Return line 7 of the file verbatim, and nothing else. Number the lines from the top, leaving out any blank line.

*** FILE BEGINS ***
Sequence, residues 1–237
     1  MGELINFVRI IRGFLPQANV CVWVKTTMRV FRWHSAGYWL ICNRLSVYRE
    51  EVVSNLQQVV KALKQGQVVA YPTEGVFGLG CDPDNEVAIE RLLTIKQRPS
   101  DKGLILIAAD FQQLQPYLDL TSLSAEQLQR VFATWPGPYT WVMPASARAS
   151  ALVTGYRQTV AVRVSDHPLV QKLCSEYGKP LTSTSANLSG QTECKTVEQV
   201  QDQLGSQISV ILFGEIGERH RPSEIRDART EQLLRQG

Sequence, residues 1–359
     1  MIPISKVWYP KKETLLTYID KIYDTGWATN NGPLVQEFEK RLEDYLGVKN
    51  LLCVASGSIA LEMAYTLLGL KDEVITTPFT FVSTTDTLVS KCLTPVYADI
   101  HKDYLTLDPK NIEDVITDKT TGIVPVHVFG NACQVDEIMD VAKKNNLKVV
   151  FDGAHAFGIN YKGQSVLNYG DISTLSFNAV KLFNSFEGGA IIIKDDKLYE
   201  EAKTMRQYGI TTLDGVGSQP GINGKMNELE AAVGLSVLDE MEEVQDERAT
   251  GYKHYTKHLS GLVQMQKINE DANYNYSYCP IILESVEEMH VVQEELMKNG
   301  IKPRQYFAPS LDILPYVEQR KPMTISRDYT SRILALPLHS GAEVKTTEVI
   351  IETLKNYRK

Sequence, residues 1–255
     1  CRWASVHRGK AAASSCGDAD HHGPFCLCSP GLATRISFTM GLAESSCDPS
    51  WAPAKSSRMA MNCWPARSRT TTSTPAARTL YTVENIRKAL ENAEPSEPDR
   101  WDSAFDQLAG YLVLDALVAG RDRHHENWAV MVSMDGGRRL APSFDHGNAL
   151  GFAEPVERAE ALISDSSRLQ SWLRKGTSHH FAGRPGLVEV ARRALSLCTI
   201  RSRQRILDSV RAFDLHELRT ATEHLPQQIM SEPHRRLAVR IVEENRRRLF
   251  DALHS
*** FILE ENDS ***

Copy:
Sequence, residues 1–359